Ubud Food Festival has its inaugural outing on 5-7 June 2015. Rio Helmi talked to the festival’s founder, Janet DeNeefe, about this three day culinary adventure which will celebrate the richness and diversity of Indonesian culture.
Rio Helmi: Janet, a good look at your program reveals that besides the numerous reasonably priced events, there are quite a few interesting forums that are free of charge. This all makes Ubud Food Festival very accessible. Are you hoping that this brings in more locals? What was the rationale for this strategy?
Janet DeNeefe: It’s very important to us that the festival is accessible to everybody, from tourists passing through Bali who want to experience the full breadth of Indonesian food, to Balinese foodies who want to meet the culinary greats of Indonesia or brush up on their food photography skills (which are already pretty fantastic, actually!) We have a huge array of free events, from our daily Food Forum series – intimate discussions where chefs share the secrets to their success – to our night markets, film screenings and book launches. We have five cooking demonstrations running each day from 5-7 June, and our writing and photography workshop series, which have tiered pricing structures to make sure their affordable to everyone (From IDR 50,000 to IDR 450,000, depending on the length of the session). For those who do have a bit more to spare, we’ve also got a host of special events held across some of Ubud’s best culinary establishments, as well as our three day FoodLover pass, which provides access to all fifteen of our cooking demonstrations (From IDR 810,000 to IDR 2,025,000), the ultimate flavour indulgence. So yes, something for everyone, for sure!
RH: You’ve got a cast of old and new, for example Sri Owen is arguably the ‘Julia Childs of Indonesian cuisine’, one of the first, early generation to create a series of cook books on Indonesian-based cuisine. Who do you have coming that we could say is the “opposite” extreme – experimental, cutting edge, but still Indonesia-oriented?
JdN: While Sri might be credited with introducing Indonesian food to the wider world, there are some fantastic local chefs who are constantly re-defining what Indonesian cuisine is, if it can even be categorised as such. Jon Priadi of the Culture Kitchen Food Lab in Yogyakarta for example is an Australian-trained, Indonesian chef who brings his global influences to locally sourced ingredients. The same can be said of chefs Mandif Warokka and cult-hero Rahung Nasution, who are merging traditional and modern styles of Indonesian cuisine to create something totally distinct and new.
RH: As things have worked out, is the festival going to be biased more towards international or Indonesian cuisine?
JdN: The Ubud Food Festival is a three-day culinary adventure with Indonesian food as the star. It was very important to us that Indonesian food stayed front and centre of our vision as a festival, whether by bringing together Indonesia’s culinary greats, such as Sri Owen (supported by Garuda UK) and William Wongso, or International chefs who are creating their own style of Indonesian food-fusion. We also wanted to bring in a few culinary entrepreneurs who are making their mark in Southeast Asia and beyond, like Ryan Clift (supported by bridges), Janice Wong (supported by Pipilton Chocolate) and Dave Pynt, to showcase the deliciousness and diversity that Indonesia has to offer.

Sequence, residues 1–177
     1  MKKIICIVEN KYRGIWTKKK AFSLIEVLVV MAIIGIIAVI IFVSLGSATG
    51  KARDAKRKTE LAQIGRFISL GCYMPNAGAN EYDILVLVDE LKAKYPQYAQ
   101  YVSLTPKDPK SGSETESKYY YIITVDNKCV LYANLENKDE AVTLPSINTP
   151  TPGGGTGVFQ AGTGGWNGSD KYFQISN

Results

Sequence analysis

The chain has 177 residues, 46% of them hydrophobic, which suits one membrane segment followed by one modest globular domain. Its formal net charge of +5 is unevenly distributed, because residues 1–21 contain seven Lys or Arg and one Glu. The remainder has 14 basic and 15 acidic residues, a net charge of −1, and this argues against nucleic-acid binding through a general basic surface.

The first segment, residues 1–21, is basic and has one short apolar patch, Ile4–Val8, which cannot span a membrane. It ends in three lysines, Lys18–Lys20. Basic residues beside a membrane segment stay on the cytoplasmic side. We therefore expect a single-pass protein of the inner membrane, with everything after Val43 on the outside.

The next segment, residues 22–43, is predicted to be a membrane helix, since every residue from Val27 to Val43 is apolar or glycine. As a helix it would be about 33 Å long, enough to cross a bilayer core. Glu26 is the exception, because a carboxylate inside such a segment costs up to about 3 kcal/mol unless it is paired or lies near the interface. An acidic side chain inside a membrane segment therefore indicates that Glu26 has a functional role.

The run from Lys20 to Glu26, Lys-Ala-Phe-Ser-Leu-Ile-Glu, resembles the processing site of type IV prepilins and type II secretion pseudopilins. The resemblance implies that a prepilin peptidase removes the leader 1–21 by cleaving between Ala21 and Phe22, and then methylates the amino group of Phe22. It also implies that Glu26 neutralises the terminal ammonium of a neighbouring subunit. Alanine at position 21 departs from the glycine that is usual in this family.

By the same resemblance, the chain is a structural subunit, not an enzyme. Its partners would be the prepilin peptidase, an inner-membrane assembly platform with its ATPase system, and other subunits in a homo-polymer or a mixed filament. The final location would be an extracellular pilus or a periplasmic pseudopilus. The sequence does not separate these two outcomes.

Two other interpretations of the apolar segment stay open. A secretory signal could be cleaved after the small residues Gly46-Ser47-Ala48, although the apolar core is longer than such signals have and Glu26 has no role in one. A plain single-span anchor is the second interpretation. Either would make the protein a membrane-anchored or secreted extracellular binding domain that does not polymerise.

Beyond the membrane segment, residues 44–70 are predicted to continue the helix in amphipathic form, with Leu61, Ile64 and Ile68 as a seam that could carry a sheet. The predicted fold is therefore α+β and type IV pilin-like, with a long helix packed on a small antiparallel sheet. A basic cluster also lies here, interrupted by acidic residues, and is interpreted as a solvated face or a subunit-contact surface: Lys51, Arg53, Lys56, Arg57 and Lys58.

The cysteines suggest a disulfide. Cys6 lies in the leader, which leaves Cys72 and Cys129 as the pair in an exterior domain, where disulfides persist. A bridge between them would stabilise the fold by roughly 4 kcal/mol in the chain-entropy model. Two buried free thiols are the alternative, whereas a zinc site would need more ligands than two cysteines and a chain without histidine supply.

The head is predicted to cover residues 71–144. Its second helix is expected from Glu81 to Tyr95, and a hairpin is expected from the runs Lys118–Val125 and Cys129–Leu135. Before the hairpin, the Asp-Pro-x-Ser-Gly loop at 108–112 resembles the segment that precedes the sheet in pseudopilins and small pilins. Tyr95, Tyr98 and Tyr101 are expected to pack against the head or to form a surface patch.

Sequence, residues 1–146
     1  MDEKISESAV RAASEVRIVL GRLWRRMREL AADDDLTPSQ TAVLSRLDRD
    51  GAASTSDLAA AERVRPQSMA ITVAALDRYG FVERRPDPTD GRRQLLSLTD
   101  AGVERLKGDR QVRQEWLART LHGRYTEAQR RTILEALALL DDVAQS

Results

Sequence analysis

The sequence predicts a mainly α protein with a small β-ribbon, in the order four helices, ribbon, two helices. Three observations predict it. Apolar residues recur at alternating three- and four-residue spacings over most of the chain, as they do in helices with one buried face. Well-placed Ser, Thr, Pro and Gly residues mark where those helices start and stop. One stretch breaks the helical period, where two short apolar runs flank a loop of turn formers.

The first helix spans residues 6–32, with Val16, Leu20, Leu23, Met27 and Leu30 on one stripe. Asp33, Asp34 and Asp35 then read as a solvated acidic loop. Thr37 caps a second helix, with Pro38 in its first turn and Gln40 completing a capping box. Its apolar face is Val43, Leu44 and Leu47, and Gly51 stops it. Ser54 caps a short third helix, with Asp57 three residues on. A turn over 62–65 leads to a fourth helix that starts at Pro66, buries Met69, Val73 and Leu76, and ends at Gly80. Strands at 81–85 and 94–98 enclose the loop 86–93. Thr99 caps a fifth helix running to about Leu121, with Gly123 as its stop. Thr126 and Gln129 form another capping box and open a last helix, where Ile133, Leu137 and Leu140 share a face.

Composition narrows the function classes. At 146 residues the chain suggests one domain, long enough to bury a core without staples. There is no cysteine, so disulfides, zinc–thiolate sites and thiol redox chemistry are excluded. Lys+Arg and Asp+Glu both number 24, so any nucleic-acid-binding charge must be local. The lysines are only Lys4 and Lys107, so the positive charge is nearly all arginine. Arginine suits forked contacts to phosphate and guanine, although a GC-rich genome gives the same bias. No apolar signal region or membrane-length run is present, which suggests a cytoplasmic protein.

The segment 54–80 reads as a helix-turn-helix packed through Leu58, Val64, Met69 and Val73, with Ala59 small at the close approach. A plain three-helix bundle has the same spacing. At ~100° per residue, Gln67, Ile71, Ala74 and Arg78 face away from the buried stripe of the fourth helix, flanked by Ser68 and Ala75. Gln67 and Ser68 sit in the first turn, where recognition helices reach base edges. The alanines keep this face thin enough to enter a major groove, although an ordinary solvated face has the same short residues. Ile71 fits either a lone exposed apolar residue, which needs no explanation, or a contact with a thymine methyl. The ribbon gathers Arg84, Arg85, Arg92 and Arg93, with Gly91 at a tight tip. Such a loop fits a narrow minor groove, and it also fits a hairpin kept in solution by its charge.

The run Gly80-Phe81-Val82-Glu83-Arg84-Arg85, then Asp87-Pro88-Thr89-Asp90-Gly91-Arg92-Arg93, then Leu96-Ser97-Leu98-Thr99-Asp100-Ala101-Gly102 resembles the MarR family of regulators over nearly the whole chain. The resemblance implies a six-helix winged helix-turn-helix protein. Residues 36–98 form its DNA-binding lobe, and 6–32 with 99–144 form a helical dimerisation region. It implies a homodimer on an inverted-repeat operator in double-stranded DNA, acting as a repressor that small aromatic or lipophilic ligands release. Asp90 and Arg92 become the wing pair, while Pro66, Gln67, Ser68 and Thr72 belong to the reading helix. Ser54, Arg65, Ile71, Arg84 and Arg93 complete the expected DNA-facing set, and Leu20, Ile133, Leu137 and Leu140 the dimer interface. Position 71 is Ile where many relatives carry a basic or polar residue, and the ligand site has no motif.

RH: Which cuisines (geographically) from Indonesia will be featured?
JdN: Oh wow, many! We’ve spices from the Malacca Straits, Mandonese braised chicken, Balinese satay, Ambonese papeda, and sambals of all sorts and spices! We’re also going to be having the ultimate spice smackdown with a Rendang cook-off, with Malaysia’s chef Wan battling it out against North Sumatra’s Rahung Nasution, judged by our very own Sri Owen (who may or may not be biased!), amongst others. We’re also collaborating with some of Bali’s best restaurants to showcase the incredible array of local ingredients at our fingertips, including Bali Asli, Fivelements, Locavore, Cuca and Slow Food Bali.
RH: Will there be any literary tie-ins with UWRF, say with creative food writers?
JdN: Well, we’re storytellers at heart, so it’s little surprise that the program is a form of food narrative in itself. This comes out most through our workshop series, which will feature some of Indonesia’s best food writers, bloggers and photographers including Laksmi Pamuncak, Fellexandro Ruby (of Wanderbites fame) and Bayu Amus. We’re also calling on the storytelling skills of Bondan Winarno, one of Indonesia’s most famous food journalists, and TV celebrity chef Bara Pattiradjawane. So there are many elements of food – from making, tasting, describing and capturing – in the program.
To learn more about the Ubud Food Festival, which will have its inaugural outing from June 5-7 2015, see here.
Photos by Matt Oldfield